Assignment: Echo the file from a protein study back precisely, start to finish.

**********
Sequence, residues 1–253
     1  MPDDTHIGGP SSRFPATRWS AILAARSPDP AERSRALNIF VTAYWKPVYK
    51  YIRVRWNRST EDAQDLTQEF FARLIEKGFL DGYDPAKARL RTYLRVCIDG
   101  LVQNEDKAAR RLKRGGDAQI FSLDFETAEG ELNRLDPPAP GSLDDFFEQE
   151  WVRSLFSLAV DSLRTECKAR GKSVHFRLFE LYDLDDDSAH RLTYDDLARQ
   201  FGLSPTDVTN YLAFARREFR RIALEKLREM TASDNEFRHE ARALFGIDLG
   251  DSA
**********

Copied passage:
Sequence, residues 1–253
     1  MPDDTHIGGP SSRFPATRWS AILAARSPDP AERSRALNIF VTAYWKPVYK
    51  YIRVRWNRST EDAQDLTQEF FARLIEKGFL DGYDPAKARL RTYLRVCIDG
   101  LVQNEDKAAR RLKRGGDAQI FSLDFETAEG ELNRLDPPAP GSLDDFFEQE
   151  WVRSLFSLAV DSLRTECKAR GKSVHFRLFE LYDLDDDSAH RLTYDDLARQ
   201  FGLSPTDVTN YLAFARREFR RIALEKLREM TASDNEFRHE ARALFGIDLG
   251  DSA